With all eyes on Scotland this week, The Junto chats with Dora Petherbridge, International Collections Curator (U.S. & Commonwealth) at the National Library of Scotland. To learn about George Washington’s Edinburgh connection, and how NLS is “collecting the Referendum” for history, read on. Continue reading
Today, The Junto chats with David Riordan, Product Manager of NYPL Labs, about Building Inspector, a crowdsourced digital project that invites citizen cartographers to “help unlock New York City’s past by identifying buildings and other details on beautiful old maps.” Read on about the Vectorizor, how you can contribute to The New York City Space/Time Directory, and how NYPL is making the “Google Maps of the past.”
Founders Online launched just over a year ago on June 13, 2013. Today, The Junto catches up with Kathleen Williams, the Executive Director of the National Historical Publications and Records Commission (NHPRC), to get a sense of how Founders Online is being used, how much it is being used, and who is using it. We also discussed what the future may hold in store for Founders Online in terms of further website and content development. (NB: In my capacity as a Research Assistant at the Franklin Papers, I have been proofreading the Founders Online transcriptions of the Franklin volumes. I have also used the database for research, both for pieces I have written for the blog as well as my dissertation.) Continue reading
Here at The Junto, we noted last semester’s flurry of history MOOCs with a combination of interest, excitement, and trepidation. Peter Onuf—the University of Virginia’s Thomas Jefferson Memorial Foundation Professor, Emeritus, and the instructor of Coursera’s recent MOOC, “The Age of Jefferson”—graciously agreed to answer some of our questions about his experience. In the transcribed interview that follows, we discussed not only the process of designing and creating his MOOC, but also his thoughts about online classes and the future of higher education in general.
Carol Berkin is Presidential Professor Emerita at Baruch College and the CUNY Graduate Center. She received her bachelor’s degree at Barnard College. In 1972, she received her PhD at Columbia University, where she also worked on the Papers of John Jay and Alexander Hamilton. Her dissertation on Jonathan Sewall won the Bancroft Award for Outstanding Dissertation and the subsequent book, Jonathan Sewall: Odyssey of an American Loyalist, was nominated for the Pulitzer Prize in 1974. She then spent her entire teaching career at Baruch College and the CUNY Graduate Center. Her most popular works include A Brilliant Solution (2002), which has been translated into Polish and Chinese, First Generations: Women in Colonial America (1996), Revolutionary Mothers: Women in the Struggle for American Independence (2005), and Civil War Wives (2009). She is a pioneer in early American women’s history and also the author and editor of numerous textbooks, readers, and teaching guides for women’s history including Women of America (1980), Women’s Voices, Women’s Lives: Documents in Early American History (1998), In the Words of Women: The Revolutionary War and the Birth of the Nation, 1765 – 1799 (2011), and Clio in the Classroom: A Guide to Teaching Women’s History (2009). She is also the editor of History Now, an online magazine published by the Gilder Lehrman Institute of American History. She has appeared in numerous television documentaries, including Founding Brothers and Founding Fathers on the History Channel and Ric Burns’ New York on PBS. Continue reading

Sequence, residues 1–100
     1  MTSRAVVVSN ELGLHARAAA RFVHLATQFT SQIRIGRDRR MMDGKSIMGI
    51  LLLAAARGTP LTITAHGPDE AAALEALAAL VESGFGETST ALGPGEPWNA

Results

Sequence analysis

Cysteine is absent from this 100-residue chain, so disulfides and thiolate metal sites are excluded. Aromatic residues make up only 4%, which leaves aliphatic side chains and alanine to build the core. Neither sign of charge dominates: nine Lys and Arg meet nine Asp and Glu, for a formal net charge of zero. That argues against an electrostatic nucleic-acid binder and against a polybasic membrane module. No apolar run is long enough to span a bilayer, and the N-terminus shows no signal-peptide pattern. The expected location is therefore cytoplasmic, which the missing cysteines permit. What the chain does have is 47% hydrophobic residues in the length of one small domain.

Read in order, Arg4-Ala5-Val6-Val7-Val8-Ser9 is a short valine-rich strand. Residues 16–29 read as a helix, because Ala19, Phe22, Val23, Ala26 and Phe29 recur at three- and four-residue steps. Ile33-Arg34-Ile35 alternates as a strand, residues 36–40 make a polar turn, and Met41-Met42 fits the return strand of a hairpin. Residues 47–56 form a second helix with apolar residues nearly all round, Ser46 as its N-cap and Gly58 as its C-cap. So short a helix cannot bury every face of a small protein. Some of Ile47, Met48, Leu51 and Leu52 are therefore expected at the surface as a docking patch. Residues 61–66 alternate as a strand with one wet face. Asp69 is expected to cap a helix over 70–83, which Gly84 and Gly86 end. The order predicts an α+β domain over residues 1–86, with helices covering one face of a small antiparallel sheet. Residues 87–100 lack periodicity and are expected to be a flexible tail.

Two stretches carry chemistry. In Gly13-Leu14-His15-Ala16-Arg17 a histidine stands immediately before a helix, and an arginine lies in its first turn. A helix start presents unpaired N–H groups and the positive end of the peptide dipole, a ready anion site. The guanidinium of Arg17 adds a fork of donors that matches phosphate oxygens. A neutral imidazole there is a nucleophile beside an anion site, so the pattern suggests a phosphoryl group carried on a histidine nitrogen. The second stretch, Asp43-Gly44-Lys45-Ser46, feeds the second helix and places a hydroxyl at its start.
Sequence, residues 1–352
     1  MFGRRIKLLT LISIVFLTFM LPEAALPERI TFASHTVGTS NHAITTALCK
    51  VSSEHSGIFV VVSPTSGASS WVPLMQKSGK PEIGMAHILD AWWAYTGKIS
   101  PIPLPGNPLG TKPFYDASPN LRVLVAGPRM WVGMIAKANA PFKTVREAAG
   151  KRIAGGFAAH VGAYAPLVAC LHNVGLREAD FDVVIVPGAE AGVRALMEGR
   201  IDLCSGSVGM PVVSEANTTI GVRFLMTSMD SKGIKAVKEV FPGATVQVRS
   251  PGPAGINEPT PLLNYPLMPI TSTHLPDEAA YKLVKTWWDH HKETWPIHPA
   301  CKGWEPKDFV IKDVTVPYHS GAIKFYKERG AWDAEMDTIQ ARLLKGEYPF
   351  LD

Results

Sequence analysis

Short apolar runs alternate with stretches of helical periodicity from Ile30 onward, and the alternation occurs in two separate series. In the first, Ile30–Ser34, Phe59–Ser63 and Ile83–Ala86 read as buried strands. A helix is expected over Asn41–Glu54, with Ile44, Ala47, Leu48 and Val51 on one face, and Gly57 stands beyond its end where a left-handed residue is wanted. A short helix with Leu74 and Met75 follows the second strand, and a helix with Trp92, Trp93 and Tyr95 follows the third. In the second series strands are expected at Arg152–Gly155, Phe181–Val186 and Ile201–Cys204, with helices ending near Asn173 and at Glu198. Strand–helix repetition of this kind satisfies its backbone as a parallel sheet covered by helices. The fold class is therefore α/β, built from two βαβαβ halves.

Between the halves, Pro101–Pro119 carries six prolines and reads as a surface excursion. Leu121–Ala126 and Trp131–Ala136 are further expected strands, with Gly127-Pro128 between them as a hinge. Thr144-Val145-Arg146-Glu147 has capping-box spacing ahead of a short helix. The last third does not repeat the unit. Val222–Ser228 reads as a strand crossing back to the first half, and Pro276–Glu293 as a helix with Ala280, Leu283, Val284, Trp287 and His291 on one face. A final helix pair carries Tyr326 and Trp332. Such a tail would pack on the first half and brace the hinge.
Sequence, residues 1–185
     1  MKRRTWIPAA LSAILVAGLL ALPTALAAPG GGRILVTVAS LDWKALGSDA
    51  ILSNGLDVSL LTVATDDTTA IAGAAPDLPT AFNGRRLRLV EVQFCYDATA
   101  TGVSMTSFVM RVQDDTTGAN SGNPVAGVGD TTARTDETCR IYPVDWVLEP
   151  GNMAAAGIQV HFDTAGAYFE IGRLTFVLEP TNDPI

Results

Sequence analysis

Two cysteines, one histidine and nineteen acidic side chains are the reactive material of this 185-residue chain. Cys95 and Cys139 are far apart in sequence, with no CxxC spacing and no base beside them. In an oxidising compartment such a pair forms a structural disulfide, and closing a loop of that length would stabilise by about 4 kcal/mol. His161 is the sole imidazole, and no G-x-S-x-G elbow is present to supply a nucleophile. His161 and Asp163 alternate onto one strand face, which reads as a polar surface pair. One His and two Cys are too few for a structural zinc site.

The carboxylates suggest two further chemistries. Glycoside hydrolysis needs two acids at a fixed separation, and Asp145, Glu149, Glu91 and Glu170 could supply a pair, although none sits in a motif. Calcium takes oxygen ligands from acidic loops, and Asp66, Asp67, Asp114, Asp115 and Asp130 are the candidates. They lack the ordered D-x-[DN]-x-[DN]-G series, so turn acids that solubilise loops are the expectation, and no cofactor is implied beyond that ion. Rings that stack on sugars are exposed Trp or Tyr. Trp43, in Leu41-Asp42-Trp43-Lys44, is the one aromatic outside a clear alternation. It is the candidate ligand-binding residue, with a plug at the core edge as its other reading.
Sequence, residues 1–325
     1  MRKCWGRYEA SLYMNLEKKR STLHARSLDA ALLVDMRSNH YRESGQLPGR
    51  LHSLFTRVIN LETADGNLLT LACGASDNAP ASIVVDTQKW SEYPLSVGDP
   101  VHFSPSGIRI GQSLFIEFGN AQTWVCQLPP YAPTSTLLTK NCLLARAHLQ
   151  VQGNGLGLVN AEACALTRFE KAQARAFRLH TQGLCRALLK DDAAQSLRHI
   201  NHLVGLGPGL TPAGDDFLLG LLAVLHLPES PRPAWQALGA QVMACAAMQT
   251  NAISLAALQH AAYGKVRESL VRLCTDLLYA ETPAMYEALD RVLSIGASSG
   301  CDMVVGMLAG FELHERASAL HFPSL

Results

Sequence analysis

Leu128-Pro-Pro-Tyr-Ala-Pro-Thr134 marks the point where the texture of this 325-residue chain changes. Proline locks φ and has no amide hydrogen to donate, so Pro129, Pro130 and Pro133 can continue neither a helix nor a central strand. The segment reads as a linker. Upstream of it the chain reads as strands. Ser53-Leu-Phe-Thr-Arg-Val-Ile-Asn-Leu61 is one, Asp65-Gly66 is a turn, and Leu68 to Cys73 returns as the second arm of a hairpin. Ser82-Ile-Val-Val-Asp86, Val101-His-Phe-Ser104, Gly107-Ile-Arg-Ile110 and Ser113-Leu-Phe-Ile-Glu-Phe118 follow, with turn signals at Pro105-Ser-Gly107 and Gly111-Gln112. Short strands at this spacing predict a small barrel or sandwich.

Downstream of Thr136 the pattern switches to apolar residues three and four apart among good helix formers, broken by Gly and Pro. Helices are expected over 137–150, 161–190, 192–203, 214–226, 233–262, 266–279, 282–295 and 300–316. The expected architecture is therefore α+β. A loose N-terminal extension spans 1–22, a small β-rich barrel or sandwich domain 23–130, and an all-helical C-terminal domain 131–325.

The following is an interview with Ted Andrews, an assistant professor of history at Providence College in Rhode Island. Yesterday, Christopher Jones reviewed his book, Native Apostles: Black and Indian Missionaries in the British Atlantic World (Cambridge: Harvard University Press, 2013), and now Ted is speaking with The Junto about the process of writing it. Ted teaches early American, Atlantic, and Native American history, and he was recently awarded a grant from the National Endowment for the Humanities to explore his next project on global missionary connections among early modern Protestants. Native Apostles is his first book.
Brett Rushforth is Associate Professor of History at the College of William and Mary, where he teaches courses on the history of early America, American Indians, and comparative race and slavery. He is the co-editor, with Paul Mapp, of Colonial North America and the Atlantic World: A History in Documents (Pearson/Prentice-Hall, 2008), and he currently serves as Book Review Editor for the William and Mary Quarterly. His first monograph, Bonds of Alliance: Indigenous and Atlantic Slaveries in New France was published by University of North Carolina Press for the Omohundro Institute of Early American History and Culture in 2012, and has won several awards, including the 2013 Merle Curti Award in Social History (Organization of American Historians), 2013 FEEGI Biennial Book Prize (Forum on European Expansion and Global Interaction), and 2013 Mary Alice and Philip Boucher Prize (French Colonial Historical Society). It was also recently named a finalist for the 2013 Frederick Douglass Book Prize (Gilder Lehrman Center for the Study of Slavery, Resistance, and Abolition). Dr. Rushforth is currently at work, with Christopher Hodson, on a general history of the early modern French Atlantic. Under contract with Basic Books, its working title is Discovering Empire: France and the Atlantic World from the Crusades to the Age of Revolution. Continue reading